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Essex County Man Admits Using Credit Cards Stolen from U.S. Mail to Attempt to Defraud Banks of Over $300,000

February 28, 2022

READ FULL ARTICLE AT » Department of Justice

NEWARK, N.J. – An Essex County, New Jersey, man today admitted scheming with at least one U.S. Postal Service (USPS) employee and others to steal credit cards from the mail and use the stolen cards for hundreds of thousands of dollars of retail and online purchases, First Assistant U.S. Attorney Vikas Khanna announced.

Hakir Brown, 27, Newark, pleaded guilty before U.S. District Judge Kevin McNulty in Newark federal court to an information charging him with conspiracy to commit bank fraud.

According to documents filed in this case and statements made in court:

Hakir Brown, Jahad Salter, 25, and Dashaun Brown, 31, engaged USPS employees, including Khadijah Banks Oneal, 31, to steal credit cards from the mail in exchange for compensation. Once they obtained the stolen cards, Hakir Brown and his conspirators fraudulently posed as the accountholders of the stolen credit cards when calling the banks that issued the cards and used personal identifying information belonging to the accountholders to obtain or change information about the stolen credit cards. They then used the stolen credit cards to make purchases at retail stores in New Jersey and elsewhere, including New York and online, resulting in attempted losses of over $300,000.

Several of the USPS employees and individuals who participated in the scheme have been charged by complaint for their roles in the scheme, including, Banks Oneal, who worked at a mail processing plant facility in Kearny, New Jersey; another USPS employee, Ashley Taylor, who worked at a post office in New York; Salter; Adeeb Salih, 29, of East Orange, and Yaseen Salih, 24, of Iselin, New Jersey. Dashaun Brown was indicted by a grand jury on Feb. 9, 2022, and his arraignment is scheduled for March 3, 2022, before Judge McNulty. The charges and allegations against these other individuals are merely accusations, and they are presumed innocent unless and until proven guilty.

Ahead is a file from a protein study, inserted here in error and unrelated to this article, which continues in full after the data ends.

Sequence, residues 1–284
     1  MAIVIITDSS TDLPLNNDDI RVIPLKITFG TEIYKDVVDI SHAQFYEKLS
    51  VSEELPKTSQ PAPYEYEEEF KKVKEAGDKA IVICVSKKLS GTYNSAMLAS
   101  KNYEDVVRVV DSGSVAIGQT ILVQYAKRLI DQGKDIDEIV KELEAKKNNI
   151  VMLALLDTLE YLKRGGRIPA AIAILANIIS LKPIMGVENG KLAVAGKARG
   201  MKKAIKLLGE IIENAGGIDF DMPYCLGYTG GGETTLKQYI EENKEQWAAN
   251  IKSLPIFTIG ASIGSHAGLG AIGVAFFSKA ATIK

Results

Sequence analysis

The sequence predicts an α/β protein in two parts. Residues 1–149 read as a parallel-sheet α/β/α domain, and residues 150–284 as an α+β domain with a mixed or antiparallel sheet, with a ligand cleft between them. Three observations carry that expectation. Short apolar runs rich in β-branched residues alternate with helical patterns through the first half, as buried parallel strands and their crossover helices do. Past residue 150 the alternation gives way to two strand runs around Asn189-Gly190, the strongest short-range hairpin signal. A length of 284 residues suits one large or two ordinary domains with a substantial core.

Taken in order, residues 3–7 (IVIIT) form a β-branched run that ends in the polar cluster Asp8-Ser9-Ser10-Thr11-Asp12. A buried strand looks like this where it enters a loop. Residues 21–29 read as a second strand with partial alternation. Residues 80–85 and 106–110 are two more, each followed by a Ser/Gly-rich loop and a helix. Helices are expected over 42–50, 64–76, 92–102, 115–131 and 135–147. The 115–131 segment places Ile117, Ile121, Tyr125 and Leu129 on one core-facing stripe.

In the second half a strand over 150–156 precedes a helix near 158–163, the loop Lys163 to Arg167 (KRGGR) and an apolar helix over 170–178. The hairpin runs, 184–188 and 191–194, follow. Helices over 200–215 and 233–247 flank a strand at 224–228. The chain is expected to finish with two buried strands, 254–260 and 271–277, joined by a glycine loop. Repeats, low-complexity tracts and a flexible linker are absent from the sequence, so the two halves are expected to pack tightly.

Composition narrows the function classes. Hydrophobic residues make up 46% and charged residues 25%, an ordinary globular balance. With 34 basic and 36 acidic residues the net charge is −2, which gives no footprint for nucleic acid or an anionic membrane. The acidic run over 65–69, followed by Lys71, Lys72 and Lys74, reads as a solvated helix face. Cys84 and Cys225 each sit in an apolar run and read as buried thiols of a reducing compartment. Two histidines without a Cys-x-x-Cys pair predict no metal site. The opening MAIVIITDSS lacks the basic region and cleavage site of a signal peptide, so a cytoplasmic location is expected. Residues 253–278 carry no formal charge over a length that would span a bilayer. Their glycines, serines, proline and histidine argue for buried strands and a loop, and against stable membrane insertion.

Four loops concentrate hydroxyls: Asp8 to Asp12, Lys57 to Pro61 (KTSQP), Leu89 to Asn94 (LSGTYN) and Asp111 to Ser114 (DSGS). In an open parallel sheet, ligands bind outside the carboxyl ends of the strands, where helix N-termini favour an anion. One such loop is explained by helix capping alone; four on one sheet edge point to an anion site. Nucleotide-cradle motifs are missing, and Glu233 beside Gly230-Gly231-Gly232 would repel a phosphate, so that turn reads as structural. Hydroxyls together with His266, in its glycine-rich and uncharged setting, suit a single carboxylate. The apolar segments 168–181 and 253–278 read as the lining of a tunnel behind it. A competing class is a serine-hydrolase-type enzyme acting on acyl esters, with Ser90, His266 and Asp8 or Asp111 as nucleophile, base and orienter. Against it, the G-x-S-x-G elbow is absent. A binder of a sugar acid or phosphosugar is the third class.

The charge of conspiracy to commit bank fraud carries a statutory maximum sentence of 30 years in prison and a maximum fine of $1 million. Sentencing is scheduled for July 7, 2022.

First Assistant U.S. Attorney Khanna credited postal inspectors of the U.S. Postal Inspection Service under the direction of Acting Inspector of Charge Raimundo Marrero, Newark Division; and special agents of the U.S. Postal Service, Office of Inspector General, Northeast Area Field Office, under the direction of Special Agent in Charge Matthew Modafferi, with the investigation leading to the charges. He also thanked the U.S. Marshals Service, District of New Jersey, under the direction of Marshal Juan Mattos Jr.; the U.S. Secret Service, New York Field Office, under the direction of Special Agent in Charge Patrick J. Freaney; the Treasury Inspector General for Tax Administration, Mid-Atlantic Field Division, under the direction of Special Agent in Charge Andrew S. McKay; the Department of Homeland Security, Homeland Security Investigations, Newark Field Office, under the direction of Special Agent in Charge Jason J. Molina; the Livingston, New Jersey Police Department, under the direction of Chief Gary Marshuetz; the Newark Police Department, under the direction of Department of Public Safety Director Brian O’Hara; the Essex County, New Jersey Sheriff’s Office, under the direction of Sheriff Armando B. Fontoura; the New Providence, New Jersey, Police Department, under the direction of Chief of Police Theresa A. Gazaway; and the Berkeley Heights, New Jersey, Police Department, under the direction of Chief of Police Jason Massimino, for their assistance.

The government is represented by Assistant U.S. Attorney Sara F. Merin of the Special Prosecutions Division in Newark.

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